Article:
Phil led us on a delightful sprint (for me down Memory Lane), visiting teachers and books — such as Gospel of Sri Ramakrishna and Autobiography of a Yogi — that had illumined my spiritual yearning when I was just about the age of the rest of the audience.
Two days later, Phil and I traded stories over Eggs Benedict at San Ambroeus in the West Village. By then I’d read enough of American Veda to admire his journalistic perspective. Spirituality and journalism are not an easy mix, and it takes spiritual maturity to give a balanced overview.
That the book is such a comfortable read — both instructive and fun — is a testament to both the writer’s skill and to the truth of what he documents: the extent to which American culture has been affected by Indian spirituality, starting in the 1800s.
Spirituality, science and methodology
American Veda turns again and again to the theme of spirituality and science, a theme of particular interest to Reiki practitioners, yoga enthusiasts, and spiritual seekers who are also critical thinkers. Whereas spirituality and journalism are antithetical, spirituality and science definitely are not.
The Indian spiritual teachers who found a large following in the United States — Swami Vivekananda, Paramanhansa Yogananda, Maharishi Mahesh Yogi, etc. — all reached out to scientists (as does His Holiness the Dalai Lama, originally from Tibet and currently in residence in exile in Dharamasala, India).
Their message is clear: spirituality and science are compatible. (Religion is another matter entirely. Its affinity for science depends on religious dogma and how that dogma is interpreted by a particular sect.)
The Transcendental Meditation (TM) movement set out to quickly make meditation a household word, and succeeded. American Veda outlines and documents the process. This sentence from page 163 is particularly instructive:
He [Maharishi] trained his representatives to make logical presentations in language suitable for their audiences, and he equipped them with a methodical procedure for imparting meditation instructions.
Speaking to people in language relevant to them is Communication 101.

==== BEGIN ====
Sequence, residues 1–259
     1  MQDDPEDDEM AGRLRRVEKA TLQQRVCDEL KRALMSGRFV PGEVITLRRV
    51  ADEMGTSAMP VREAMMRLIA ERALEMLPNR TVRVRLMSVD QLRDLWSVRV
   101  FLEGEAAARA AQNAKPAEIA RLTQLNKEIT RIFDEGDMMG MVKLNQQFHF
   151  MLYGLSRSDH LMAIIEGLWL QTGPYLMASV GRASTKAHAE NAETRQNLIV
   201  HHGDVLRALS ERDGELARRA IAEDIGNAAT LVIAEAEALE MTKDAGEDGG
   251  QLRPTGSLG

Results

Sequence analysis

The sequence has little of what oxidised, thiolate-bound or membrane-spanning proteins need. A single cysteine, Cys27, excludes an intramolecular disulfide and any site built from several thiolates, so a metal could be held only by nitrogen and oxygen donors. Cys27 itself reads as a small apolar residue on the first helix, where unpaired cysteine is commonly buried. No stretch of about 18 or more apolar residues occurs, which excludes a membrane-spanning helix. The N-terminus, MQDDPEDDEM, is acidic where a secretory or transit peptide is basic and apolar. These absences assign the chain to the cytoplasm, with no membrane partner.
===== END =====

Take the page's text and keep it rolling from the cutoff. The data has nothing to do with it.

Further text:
It’s not just a matter of eschewing jargon. Relevant language makes connections that have immediate meaning to the listener.
For example, people today often live less-than-joyful, spiritually isolated, stressful lives. Thanks to TM, most of us know that meditation is a simple, non-dogmatic practice to connect more deeply to ourselves and counter the daily onslaught of stress. People are ripe to know that Reiki is another option, and a practice that many find even easier than meditation.
Practice, not just preaching
The passage above continues, noting that methodical instructions ensured that meditation “would be practiced, not just preached.”
Using a method to teach meditation is not unlike imparting a simple protocol that beginning Reiki students can take home and practice with confidence, and practice for life.
It’s true that the Maharishi had celebrities like the Beatles, Mia Farrow, and popular talk show host Merv Griffin to catch the public’s attention.
It’s also true that, thanks to TM, when Reiki practice is presented in a straightforward manner, it is not as far from today’s culture as meditation was when TM came to the US.
And ironically, given the current celebrity obsession and the glut of media that feeds it, what celebrities do today likely has less impact on mass awareness than it did 40 years ago..
We don’t need celebrities to walk the path mapped out by those who have succeeded before us. And the more of us who walk and communicate that path, the more Reiki practice reaches the mainstream public.
The Mainstreaming Reiki webinar recordings help refine your communication of various aspects of Reiki practice. You can download them and listen at your convenience.